Prior to working as a parliamentary correspondent in Ottawa, Kapelos covered provincial politics, including in Alberta and Saskatchewan. (CBC web page)

Tuesday, February 13, 2018

Torstar cuts jobs, internship programs; board chair says the company is fighting for survival

The Globe's Susan Krashinsky Robertson writes:
"John Honderich won't mince words: Torstar Corp. is fighting for survival.
"The chair of Torstar's board, and a member of one of the five families that control the company that owns the Toronto Star, The Hamilton Spectator, and a collection of community newspapers, sat down with The Globe and Mail last week to discuss the state of the news industry.
"Mr. Honderich was part of an industry-wide effort to encourage Heritage Minister Mélanie Joly to include funding for journalism in her vision for the future of Canadian cultural policy. Ms. Joly rejected many of the suggested measures, saying the government would not 'bail out industry models that are no longer viable.'"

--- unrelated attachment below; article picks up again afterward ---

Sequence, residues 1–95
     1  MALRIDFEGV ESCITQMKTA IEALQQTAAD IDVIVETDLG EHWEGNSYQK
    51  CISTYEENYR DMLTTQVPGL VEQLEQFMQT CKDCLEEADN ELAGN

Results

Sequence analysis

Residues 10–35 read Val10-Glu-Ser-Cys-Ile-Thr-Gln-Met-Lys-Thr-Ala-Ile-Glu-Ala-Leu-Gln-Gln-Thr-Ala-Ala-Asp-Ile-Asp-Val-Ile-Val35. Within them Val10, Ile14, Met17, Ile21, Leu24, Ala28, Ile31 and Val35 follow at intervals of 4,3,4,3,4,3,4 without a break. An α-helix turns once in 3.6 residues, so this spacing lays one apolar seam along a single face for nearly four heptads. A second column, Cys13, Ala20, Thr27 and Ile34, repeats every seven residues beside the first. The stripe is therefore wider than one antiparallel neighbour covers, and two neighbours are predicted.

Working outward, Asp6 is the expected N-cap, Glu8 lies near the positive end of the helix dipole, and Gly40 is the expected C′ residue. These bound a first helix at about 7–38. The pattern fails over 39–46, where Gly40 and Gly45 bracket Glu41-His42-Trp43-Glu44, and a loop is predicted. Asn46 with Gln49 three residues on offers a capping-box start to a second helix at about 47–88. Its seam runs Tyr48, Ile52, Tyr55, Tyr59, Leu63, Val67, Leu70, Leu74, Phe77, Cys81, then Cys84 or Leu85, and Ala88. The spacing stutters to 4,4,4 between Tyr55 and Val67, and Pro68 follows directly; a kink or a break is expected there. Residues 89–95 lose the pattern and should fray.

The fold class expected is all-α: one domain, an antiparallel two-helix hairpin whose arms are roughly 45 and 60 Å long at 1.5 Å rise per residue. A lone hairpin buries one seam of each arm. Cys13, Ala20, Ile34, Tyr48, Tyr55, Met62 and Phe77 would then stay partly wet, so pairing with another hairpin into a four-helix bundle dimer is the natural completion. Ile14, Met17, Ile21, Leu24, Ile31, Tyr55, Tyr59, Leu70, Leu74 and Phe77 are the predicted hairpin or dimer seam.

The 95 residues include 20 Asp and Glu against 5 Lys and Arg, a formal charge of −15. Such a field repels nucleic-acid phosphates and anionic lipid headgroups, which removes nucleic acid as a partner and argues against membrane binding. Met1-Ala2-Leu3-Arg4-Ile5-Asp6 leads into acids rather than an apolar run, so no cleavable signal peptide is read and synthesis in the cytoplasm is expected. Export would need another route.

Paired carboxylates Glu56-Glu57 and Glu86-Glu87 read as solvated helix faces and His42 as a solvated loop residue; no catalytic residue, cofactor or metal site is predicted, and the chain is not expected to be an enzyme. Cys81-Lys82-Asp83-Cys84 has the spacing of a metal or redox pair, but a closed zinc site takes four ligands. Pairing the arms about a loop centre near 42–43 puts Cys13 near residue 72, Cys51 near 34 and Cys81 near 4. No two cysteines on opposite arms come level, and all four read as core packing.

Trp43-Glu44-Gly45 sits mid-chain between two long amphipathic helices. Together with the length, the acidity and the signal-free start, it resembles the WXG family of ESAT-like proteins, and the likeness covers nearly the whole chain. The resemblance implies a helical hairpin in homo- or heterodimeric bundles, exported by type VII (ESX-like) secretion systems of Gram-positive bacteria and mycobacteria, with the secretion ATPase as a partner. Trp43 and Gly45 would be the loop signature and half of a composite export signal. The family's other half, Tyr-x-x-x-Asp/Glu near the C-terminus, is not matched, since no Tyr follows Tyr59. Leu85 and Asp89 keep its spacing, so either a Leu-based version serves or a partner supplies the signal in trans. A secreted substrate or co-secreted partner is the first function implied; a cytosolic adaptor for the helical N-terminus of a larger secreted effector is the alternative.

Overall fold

"The struggles precipitated by declining print advertising, and by a booming digital economy that has been dominated largely by Facebook and Google – at the expense of others who would survive on digital advertising – have led to widespread job cuts. On Monday, the company tightened its belt one more notch, cutting 13 jobs in its digital and sales operations, slashing the Toronto Star's travel and freelance budgets and suspending its summer and year-long internship programs. The Star's internships were among the most prestigious in the country for training young journalists."
Full story

Thursday, February 8, 2018

Billionaire Patrick Soon-Shiong reaches deal to buy L.A. Times and San Diego Union-Tribune

For more than a century, one family owned the Los Angeles Times and used the newspaper to build great wealth and exert political influence over how the city would take shape.
But over the years, the Chandler family — descendants of hard-charging Civil War veteran Gen. Harrison Gray Otis, who bought the paper in 1884 — became increasingly fractured and disenchanted with the newspaper business. In 2000, they sold Times Mirror Co. to Chicago-based Tribune Co., thrusting it into a protracted, 18-year battle with its out-of-town owners.